Thursday, August 19, 2010


The title of this blog is somewhat misleading. We do not truly teach respect. We actually earn it. I am contacted regularly by parents who say, “My kids do not respect me!” My first question tends to be, “Do you respect them?” This is a difficult question. Mrs. Elmira put it bluntly, “I expect respect, I put food on the table ... I am the mother. I expect to be respected.” 
Behavior counts. In fact, behavior counts more than words. Your children watch you closely. They pick up most of their social cues from you (until high school). One parent told me the following story:
I walked into the living room. My three girls were playing with their dolls. I paused at the door and watched. My eleven year old was running the play household. Every few seconds she had the mommy doll complain and hit the other dolls. Not hard hits, just constant hits. She kept saying, “Let's go honey, mommy is in a hurry,” or, “hurry, you’re making mommy late!” The part that hurt the most was that my daughter was using my words with a tone of hate. She sounded so put out by the children dolls. I asked the children over dinner about the game, and my eleven year old said, with an innocent smile, “I got to be you, I bossed everyone around and clobbered them for not listening.”
This parent was astonished to discover how she sounded through the ears of her children. She never thought that she “clobbered” her children. What she learned was that her children did not feel respected by her. What she thought was prodding, the tapping, motivating pushing behavior of her own childhood, was a regular example of disrespect.
We, as parents, need to model respectful behavior. This is easier said than done. Our children are around us 24 hours a day. Fortunately for us, teaching respectful behavior is a slow process. It only takes a few long years for a child to learn to read, but it takes many more for a child to internalize self respect and exhibit it outwardly.
We teach respect by using “please,” “thank you,” “I don’t know,” and “I'm sorry” on a regular basis. We exhibit respect by not shrieking or over powering our children with words. We share the love of respect by talking at eye level to a young child. We respect by directing children to do versus not do. A child feels respected when a parent directs him away from misbehavior versus telling him to stop doing the misbehavior.
Which sounds more respectful to you?
“Billy, stop bothering the cat!” or “Billy, will you help me in the kitchen?”
“Sally, I told you not to tease your sister!” or “Sally, please let the dog out.”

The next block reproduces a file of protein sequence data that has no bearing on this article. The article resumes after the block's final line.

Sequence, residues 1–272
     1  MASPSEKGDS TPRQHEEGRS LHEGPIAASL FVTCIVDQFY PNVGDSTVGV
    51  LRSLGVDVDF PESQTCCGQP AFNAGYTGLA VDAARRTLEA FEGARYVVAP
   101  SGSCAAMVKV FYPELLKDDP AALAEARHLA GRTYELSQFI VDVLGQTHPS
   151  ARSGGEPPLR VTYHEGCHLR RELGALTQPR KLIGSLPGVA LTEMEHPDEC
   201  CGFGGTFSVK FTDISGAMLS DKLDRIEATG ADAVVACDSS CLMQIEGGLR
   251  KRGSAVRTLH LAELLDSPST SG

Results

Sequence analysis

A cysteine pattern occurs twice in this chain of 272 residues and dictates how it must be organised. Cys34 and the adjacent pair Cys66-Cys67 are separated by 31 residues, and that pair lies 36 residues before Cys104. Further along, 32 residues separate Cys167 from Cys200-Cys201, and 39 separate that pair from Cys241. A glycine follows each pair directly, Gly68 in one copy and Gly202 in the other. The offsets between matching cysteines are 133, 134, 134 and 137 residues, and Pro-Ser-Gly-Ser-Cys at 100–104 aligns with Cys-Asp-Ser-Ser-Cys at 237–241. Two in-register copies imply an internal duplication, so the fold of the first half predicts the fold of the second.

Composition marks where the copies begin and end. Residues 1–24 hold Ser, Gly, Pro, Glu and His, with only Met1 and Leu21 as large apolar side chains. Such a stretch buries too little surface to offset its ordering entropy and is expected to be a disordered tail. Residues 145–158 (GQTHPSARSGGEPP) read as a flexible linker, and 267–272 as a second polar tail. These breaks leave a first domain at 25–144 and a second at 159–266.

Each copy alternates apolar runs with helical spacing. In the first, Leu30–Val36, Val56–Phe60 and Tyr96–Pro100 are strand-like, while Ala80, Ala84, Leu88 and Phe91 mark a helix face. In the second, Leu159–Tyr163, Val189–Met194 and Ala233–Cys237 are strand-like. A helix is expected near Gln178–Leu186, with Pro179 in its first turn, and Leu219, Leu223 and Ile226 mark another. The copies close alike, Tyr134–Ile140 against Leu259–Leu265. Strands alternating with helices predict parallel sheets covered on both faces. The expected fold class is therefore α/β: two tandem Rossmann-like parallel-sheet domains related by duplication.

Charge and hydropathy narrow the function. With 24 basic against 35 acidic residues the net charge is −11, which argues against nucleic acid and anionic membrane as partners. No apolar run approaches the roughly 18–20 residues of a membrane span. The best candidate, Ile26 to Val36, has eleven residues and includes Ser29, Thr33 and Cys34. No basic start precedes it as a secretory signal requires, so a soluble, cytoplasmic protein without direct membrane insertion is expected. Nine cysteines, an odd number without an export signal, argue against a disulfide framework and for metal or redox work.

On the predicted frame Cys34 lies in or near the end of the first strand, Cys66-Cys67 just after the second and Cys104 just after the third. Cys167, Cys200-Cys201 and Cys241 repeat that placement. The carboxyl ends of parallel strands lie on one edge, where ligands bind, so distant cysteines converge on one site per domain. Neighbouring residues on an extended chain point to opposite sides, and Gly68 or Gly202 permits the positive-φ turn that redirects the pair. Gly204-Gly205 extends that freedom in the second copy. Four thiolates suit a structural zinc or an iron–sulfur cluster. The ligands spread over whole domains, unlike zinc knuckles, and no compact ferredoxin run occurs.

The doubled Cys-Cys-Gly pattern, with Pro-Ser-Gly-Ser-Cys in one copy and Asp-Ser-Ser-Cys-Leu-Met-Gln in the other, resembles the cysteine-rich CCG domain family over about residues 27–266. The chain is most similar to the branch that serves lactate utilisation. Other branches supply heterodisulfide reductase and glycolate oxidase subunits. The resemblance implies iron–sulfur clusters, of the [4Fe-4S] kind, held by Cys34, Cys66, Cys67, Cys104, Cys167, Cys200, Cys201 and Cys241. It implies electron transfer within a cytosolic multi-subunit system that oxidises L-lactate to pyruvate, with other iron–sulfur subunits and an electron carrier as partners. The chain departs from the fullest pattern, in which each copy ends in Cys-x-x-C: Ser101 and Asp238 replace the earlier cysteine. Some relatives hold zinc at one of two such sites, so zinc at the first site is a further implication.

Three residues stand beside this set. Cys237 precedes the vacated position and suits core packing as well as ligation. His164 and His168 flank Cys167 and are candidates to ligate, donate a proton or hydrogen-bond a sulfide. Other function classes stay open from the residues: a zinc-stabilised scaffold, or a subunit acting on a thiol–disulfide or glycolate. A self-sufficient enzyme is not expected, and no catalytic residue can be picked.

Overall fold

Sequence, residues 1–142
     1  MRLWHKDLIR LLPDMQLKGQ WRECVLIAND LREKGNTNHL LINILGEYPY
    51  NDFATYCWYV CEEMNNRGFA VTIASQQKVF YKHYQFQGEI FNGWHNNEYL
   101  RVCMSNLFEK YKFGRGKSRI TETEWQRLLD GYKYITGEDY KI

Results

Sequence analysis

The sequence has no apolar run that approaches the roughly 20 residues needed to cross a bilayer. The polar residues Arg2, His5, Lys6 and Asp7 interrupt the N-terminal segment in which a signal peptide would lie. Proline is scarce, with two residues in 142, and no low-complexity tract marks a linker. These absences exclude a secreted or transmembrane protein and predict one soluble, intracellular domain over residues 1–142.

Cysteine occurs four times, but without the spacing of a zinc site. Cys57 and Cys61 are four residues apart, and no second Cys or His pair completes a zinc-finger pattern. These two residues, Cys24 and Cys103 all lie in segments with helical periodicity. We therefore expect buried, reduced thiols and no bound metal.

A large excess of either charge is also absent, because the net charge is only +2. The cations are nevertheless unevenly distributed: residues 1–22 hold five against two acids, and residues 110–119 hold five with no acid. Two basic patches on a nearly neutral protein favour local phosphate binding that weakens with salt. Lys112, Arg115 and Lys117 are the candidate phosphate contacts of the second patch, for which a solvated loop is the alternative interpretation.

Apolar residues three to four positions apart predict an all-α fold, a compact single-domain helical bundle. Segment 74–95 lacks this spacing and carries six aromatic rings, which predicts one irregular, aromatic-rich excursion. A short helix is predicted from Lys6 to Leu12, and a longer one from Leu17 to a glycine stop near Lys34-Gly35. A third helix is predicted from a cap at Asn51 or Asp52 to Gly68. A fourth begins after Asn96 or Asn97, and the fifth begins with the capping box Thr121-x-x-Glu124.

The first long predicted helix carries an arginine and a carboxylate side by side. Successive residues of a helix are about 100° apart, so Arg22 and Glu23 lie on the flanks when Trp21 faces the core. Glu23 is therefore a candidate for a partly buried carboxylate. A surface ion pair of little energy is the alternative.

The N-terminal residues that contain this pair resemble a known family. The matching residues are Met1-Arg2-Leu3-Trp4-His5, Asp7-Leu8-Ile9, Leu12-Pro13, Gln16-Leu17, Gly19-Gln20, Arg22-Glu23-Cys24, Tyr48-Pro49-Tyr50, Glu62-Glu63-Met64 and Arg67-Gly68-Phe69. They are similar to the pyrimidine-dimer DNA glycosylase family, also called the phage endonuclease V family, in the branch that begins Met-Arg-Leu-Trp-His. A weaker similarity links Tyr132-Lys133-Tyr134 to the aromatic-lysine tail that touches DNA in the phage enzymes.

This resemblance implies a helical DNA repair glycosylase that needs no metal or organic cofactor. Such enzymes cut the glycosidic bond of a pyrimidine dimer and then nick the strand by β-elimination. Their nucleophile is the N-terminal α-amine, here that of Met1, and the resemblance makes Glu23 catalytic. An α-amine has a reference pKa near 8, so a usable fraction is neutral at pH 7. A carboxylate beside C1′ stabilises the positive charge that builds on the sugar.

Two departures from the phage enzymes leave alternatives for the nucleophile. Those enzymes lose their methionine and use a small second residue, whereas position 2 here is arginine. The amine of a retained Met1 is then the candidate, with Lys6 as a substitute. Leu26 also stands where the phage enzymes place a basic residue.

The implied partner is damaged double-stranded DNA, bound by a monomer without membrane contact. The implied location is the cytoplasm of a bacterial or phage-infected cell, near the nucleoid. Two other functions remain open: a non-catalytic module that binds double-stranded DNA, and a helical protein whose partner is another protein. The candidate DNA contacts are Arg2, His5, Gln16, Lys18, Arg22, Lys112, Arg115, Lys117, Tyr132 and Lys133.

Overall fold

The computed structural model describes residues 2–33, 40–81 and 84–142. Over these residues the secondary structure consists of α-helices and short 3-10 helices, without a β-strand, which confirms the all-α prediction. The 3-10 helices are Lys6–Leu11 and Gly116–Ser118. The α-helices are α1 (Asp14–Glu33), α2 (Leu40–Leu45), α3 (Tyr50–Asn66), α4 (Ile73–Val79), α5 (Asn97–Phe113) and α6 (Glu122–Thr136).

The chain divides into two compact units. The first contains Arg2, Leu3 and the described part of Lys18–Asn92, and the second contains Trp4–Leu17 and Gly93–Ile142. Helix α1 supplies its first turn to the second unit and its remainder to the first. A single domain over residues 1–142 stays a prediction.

“What are you up to, put that hammer back!” or “What do you need a hammer for?”
Children will “test” behaviors out on their parents that they see others doing.  Mrs. Story was upset,
 Carl (age 14) walked into the house and plopped himself on the sofa putting his shoes on the coffee table. I was shocked. “What are you doing young man?” I asked him. He told me to, “@$#$%^ off.” I couldn’t believe he would talk to me like that. My husband and I don’t use such language. 
Carl was practicing what he saw at his new friend’s home. To Carl's surprise, his parents’ reaction was not the same as his friend’s parents. Carl was trying out behaviors “modeled” in another’s home. This is normal. Children will try behaviors seen elsewhere. Even two dimensional TV and movies are influential in your child’s life.
We need to use clear messages when a new behavior is not acceptable. When there is no character assassination, kids tend to make quality choices. For example, a few years ago a movie showed the tough gang bangers sucking on baby pacifiers and reprimanding their parents. Lots of kids in my area started carrying pacifiers around. The fad lasted a few weeks then ran its course. (I guess the idea sucked.) Many parents had to learn how to support their children during this fad.
Judging: What are you, a baby?
Advocating: You can suck on a pacifier if you need to, but I'm not comfortable with you sucking it around me. Please put it in your pocket.
Judging: If you talk to me like that again I'll wash your mouth out with soap!
Advocating: I do not allow such language from my children. Please respect my wishes.
Teaching respect is a long process. Mrs. Columbia called to thank me about a family session almost two weeks prior. 
Dr. Phil, I just want to let you know that Bethany is trying. She asked me if I had time to fix her jeans. She was polite. She said, “Mamma, would you be able to fix my jeans? I would appreciate your help.” 
This is nice, she usually says, “Fix this, I need them after school.”
As parents we need to demand respect while we show respect. This way we can teach our children that some behaviors are acceptable while others are not. This is not only in our home. I have received appropriate respect from rude acting children and adults alike by firmly stating, “I do not allow people to talk to me like that. How can I help you?” This firm but respectful statement has avoided many uncomfortable situations.

Teaching Honesty

By Philip Copitch, Ph.D.

Teaching Honesty